I hadn't read anything by Ellis. I vaguely remember when Less Than Zero came out--actually remember more about the movie adaptation that was released a few years after the book. But I never saw the movie, even though its story of decadent 1980s teens should have been right up my alley seeing as that is "my generation" (though my life in the grimy Midwest was decidedly different from Less Than Zero's wealthy southern Californians).

Well, I'm being interrupted by real life and will have to get back to this later. So let me just hastily conclude this post by saying that I've started reading Less Than Zero and have a feeling that my middle-aged self will find the characters to be spoiled brats.

Thursday, January 15, 2015

A ten-minute update

I have a few minutes to spare, so I thought it might be a good opportunity to drop in and say hello, while also making an attempt to not be a stranger to this blog. I have about ten minutes, so I'm here to try to crank out ten minutes of content.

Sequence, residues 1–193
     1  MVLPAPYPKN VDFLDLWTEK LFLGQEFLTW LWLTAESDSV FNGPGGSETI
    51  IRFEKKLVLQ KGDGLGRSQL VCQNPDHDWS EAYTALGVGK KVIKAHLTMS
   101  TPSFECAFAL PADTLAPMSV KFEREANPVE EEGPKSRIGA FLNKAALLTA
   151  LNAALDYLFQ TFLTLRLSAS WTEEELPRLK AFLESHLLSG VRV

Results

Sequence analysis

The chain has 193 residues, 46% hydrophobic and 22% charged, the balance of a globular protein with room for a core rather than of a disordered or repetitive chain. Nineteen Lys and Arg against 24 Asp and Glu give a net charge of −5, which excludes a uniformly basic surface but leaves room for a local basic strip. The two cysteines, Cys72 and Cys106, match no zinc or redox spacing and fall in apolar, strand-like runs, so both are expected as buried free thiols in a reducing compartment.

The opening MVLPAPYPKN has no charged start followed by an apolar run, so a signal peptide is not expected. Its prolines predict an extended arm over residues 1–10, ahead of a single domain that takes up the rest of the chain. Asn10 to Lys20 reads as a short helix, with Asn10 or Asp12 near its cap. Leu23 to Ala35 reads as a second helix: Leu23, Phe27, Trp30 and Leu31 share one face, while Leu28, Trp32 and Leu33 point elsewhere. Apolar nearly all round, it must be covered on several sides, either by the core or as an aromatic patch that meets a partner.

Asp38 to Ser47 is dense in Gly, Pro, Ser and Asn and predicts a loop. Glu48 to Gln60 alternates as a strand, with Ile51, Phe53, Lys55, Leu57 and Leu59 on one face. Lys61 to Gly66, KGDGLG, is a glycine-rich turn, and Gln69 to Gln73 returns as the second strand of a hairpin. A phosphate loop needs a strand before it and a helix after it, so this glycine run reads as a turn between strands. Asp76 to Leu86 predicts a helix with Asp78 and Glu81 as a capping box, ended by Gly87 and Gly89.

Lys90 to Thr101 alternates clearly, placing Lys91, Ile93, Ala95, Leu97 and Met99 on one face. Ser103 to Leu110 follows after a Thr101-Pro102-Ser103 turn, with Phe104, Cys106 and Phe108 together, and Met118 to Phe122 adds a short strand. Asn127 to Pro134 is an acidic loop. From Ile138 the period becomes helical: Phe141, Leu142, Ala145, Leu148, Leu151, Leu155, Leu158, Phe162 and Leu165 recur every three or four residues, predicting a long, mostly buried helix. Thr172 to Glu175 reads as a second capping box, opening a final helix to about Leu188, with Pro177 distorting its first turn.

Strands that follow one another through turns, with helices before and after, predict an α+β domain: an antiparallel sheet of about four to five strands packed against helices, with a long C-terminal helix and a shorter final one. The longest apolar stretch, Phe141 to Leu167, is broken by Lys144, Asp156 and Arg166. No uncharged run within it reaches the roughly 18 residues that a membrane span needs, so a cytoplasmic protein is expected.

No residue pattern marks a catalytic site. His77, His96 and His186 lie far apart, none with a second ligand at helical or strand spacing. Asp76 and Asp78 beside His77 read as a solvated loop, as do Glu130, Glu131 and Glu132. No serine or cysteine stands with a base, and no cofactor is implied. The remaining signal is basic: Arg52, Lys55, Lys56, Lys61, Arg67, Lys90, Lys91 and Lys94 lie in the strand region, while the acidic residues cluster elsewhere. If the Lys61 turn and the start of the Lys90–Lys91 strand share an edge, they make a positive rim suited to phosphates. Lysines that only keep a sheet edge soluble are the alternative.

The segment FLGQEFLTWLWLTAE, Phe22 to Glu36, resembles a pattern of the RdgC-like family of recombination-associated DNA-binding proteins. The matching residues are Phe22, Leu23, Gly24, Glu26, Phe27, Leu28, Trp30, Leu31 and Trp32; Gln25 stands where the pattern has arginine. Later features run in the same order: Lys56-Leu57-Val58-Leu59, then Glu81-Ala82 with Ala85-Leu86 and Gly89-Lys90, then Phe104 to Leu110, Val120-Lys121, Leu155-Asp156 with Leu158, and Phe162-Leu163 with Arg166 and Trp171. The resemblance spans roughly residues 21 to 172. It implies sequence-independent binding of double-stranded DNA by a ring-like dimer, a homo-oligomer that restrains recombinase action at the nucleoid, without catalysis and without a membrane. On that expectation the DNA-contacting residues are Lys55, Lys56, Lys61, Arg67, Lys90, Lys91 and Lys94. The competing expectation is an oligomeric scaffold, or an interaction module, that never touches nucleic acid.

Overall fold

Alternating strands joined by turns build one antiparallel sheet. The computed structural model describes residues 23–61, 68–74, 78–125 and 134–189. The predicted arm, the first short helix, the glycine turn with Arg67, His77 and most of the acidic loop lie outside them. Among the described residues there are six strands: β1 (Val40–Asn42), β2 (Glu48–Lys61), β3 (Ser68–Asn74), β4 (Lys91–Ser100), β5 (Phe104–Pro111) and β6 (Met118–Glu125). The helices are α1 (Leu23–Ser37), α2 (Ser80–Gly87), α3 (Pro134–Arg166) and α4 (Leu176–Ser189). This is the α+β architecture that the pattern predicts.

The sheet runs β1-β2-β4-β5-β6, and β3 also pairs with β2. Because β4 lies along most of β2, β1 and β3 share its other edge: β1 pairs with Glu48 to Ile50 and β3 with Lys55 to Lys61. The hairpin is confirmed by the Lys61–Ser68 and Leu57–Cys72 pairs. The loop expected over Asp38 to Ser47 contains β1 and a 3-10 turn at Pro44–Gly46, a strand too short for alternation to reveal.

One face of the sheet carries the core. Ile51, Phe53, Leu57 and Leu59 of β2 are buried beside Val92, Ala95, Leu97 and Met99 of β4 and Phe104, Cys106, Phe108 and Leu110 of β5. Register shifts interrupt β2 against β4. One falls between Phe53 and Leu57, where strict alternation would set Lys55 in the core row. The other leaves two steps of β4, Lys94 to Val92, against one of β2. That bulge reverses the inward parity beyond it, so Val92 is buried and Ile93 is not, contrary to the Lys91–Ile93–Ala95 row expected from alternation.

As usual, I'm experiencing both the "post-Holiday blahs" and the "pre-birthday blues." I'm rapidly closing in on birthday #47 (on March 1) and I have to tell you that with each passing year they become less and less exciting. Actually, that's an understatement. I think the last time I was truly excited about a birthday was when I turned 21. It's been downhill ever since. Thus, the two month period between January 1 and March 1 tends to verge between boredom and anxiety.

What makes it slightly more bearable is that my younger son's birthday is on February 26, so at least the focus is more on HIM and less on ME. This year in particular will be eventful because he hits double-digits.

Looking at the clock and I have three more minutes to crank something out.

We went to see Selma last weekend. It's a very good movie, despite whatever historical inaccuracies it may have. It always makes me laugh when people gnash their teeth over Hollywood not getting history "right." For gosh sakes, people, these films are dramatizations, not doctoral dissertations. My feeling has always been that if a dramatic film based on a historic event/person can get the casual viewer to investigate the subject in more detail, then that film is a success.

My ten minutes is up.